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THE TIGER LILIES The Brothel To The Cemetery
Neu RSR-0005 (2009)

The Tigerlilies

The godfathers of gothic alt.cabaret return with 'The Brothel to the cemetery', another controversial leftfield offering that wouldn't be the Tiger Lillie if it didn't offend anyone.

And therein lies an unlikely barometer by which to judge a band such as this. For it's one thing to have a 20 year career based on shock tactics or in their case a musical called Shockheaded Peter, but its quite another to have the ability to maintain your standards, no matter how excruciatingly extreme they may be. And the Lillies do dark imagery very well.

They also have the perfect conduit in Martyn Jacques's edgy falsetto to bring every sinister nuance to each offering. In fact the brooding, moody feeling is unrelenting, the themes unstinting as the thematic taboos of death and various creepy characters and dark emotions are brilliantly explored.

For whatever well they collectively drink from, this band's creative juices show no signs of letting up. The music veers from Dervish and accordion led Gypsy music to French Chansons and even County.

And while Nick Cave may dwell on 'Murder Ballads' The Tiger Lillies add a bizarre angle to their a songs, most notably on the mirth inducing, but equally cringing 'Terrible', which is born of a Dervish whirl over which Martyn Jacques intones, 'I'm terrible I'm terrible I shouldn't be allowed, to sing my songs of filth to a decent crowd'!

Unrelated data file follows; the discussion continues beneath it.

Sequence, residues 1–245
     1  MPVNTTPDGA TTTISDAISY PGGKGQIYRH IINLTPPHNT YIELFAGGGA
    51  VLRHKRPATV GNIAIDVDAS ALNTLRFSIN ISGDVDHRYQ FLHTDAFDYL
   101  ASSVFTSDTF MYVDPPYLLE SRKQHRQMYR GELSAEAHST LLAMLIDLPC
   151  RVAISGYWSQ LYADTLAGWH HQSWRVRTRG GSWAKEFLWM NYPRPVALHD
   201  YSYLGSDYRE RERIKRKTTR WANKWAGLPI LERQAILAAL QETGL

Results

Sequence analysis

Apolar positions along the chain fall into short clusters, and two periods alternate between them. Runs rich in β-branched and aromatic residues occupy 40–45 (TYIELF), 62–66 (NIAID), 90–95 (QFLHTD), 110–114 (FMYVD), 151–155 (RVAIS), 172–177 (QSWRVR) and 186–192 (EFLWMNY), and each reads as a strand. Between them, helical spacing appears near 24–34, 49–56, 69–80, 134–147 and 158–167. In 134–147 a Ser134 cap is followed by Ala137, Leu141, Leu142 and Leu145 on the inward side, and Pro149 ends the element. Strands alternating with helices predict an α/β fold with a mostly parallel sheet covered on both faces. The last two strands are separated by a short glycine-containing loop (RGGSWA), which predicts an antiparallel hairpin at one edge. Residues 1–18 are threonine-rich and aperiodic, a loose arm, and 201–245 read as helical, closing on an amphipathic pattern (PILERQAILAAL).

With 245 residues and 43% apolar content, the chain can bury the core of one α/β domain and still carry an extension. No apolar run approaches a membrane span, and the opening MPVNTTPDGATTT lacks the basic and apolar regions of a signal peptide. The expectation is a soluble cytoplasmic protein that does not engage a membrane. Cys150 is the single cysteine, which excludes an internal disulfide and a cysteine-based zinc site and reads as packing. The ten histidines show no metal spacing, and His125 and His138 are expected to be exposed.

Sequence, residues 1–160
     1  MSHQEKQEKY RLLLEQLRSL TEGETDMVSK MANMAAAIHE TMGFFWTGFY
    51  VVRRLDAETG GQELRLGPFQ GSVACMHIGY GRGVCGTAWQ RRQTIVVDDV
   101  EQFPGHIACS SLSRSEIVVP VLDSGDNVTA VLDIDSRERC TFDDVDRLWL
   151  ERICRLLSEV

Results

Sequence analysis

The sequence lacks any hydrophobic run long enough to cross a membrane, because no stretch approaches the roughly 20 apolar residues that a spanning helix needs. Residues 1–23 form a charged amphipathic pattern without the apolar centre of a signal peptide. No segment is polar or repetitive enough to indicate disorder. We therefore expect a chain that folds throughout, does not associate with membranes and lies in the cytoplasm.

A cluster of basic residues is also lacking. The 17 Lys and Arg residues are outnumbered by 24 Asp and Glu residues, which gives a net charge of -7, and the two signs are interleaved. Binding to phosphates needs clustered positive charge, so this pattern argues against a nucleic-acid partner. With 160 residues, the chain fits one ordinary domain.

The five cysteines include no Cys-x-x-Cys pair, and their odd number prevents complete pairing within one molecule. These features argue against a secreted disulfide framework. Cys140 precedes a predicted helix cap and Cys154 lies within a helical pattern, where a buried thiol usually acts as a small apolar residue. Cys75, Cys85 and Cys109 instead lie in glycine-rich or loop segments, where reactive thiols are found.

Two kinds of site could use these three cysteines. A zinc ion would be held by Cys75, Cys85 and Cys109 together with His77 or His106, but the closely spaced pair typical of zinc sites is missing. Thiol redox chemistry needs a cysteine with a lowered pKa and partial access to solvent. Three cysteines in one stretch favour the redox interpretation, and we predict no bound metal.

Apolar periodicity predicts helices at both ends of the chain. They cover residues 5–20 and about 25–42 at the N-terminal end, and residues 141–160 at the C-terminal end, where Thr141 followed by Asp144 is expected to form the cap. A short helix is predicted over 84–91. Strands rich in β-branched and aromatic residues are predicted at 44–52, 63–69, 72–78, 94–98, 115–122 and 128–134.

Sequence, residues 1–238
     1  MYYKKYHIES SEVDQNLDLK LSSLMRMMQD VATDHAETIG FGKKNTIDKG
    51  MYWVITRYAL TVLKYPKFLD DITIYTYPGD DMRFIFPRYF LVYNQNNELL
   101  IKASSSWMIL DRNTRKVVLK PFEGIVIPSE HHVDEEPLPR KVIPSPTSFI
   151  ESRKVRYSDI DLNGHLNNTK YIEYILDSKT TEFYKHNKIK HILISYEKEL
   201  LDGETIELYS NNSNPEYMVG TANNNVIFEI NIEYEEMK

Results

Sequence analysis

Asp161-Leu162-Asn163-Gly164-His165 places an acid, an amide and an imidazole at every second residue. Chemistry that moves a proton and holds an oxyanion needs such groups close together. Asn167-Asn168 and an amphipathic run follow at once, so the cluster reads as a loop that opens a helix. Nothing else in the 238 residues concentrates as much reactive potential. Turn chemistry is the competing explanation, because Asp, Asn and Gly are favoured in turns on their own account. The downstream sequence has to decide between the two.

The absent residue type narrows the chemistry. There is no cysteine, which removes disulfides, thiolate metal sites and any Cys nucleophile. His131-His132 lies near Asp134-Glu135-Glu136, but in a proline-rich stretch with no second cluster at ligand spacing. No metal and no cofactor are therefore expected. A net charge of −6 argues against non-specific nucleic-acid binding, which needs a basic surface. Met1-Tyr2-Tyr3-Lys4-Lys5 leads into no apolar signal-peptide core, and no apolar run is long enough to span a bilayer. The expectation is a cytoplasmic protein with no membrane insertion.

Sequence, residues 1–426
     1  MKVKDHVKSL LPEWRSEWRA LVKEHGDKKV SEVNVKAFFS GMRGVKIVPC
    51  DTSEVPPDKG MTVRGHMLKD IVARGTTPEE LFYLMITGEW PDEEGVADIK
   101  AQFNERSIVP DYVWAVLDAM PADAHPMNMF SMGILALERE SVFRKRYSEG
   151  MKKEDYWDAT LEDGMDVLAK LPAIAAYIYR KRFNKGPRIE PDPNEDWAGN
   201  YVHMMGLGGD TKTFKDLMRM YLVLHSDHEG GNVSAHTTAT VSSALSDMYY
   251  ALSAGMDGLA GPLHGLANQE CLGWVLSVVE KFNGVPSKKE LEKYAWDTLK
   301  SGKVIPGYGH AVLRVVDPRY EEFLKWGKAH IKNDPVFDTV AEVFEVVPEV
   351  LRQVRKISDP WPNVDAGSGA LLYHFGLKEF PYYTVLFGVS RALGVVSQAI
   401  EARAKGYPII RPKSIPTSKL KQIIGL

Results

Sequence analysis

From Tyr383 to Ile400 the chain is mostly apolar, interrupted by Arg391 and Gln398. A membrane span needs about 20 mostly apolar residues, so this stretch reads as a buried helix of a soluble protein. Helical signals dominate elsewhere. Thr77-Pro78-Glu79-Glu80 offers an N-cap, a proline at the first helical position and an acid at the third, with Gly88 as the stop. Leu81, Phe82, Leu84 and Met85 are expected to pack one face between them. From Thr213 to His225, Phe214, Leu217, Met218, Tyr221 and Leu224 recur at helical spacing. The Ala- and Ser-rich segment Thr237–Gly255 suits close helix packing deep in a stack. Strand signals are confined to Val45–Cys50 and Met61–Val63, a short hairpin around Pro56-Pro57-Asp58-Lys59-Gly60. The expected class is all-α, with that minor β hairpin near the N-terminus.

But Jacques is nothing if not cute and knowing his ghoulish falsetto might remind people of say the late Klaus Nomi, Pavlov's Dog's David Surkamp or even Tiny Tim, he never misses an opportunity to ham things up.

Look no further than the wry humour of 'Arthur' for example, which is as welcome as it is almost inevitable. For this is a band that for all its unedifying lyrical material, carefully juxtaposes different pieces to make a coherent whole. And just as you think you've got their measure up pops Martyn with a death rattle caustic growl on 'Crime' a song about debt collection, before he launches into another death ditty, 'Pretty Soon' and the uncompromising and very gloomy 'Old Gracefully'.

But while the band may be lyrically consumed by doom and gloom the music sometimes sits in contradiction with the lyrics. Hell, the Tiger Lillies almost swing on 'Mortuary' another rumination of death on which Martyn does his best to effect a sore throat and adds a subliminal phrase that makes 'Mortuary' almost sounds like 'debauchery'. This is followed by a beautifully crafted ballad 'Reap What You Sow' on which the slight rasp to the vocal gives the piece a sense of pathos and evokes the opening verse of Bowie's 'Five Years'.

The Lilies then revert to another example of the lyrical and musical dichotomy on' Banging in the Nails'. This song exalts the dubious joys of crucifying Jesus, on the back of a thigh slapping Country hoe-down. 'Blasphemous? Probably. Outrageous? Definitely. Unique? Totally. This is the Tiger Lillies, who else! There's a lot more but near the end they almost converge with reality or perhaps mundanity with the refrain 'well it's grim up north, but it's grimmer than that in Slough!'


Review by Pete Feenstra

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***** Out of this world | **** Pretty damn fine |
*** OK, approach with caution unless you are a fan |
** Instant bargain bin fodder | * Ugly. Just ugly

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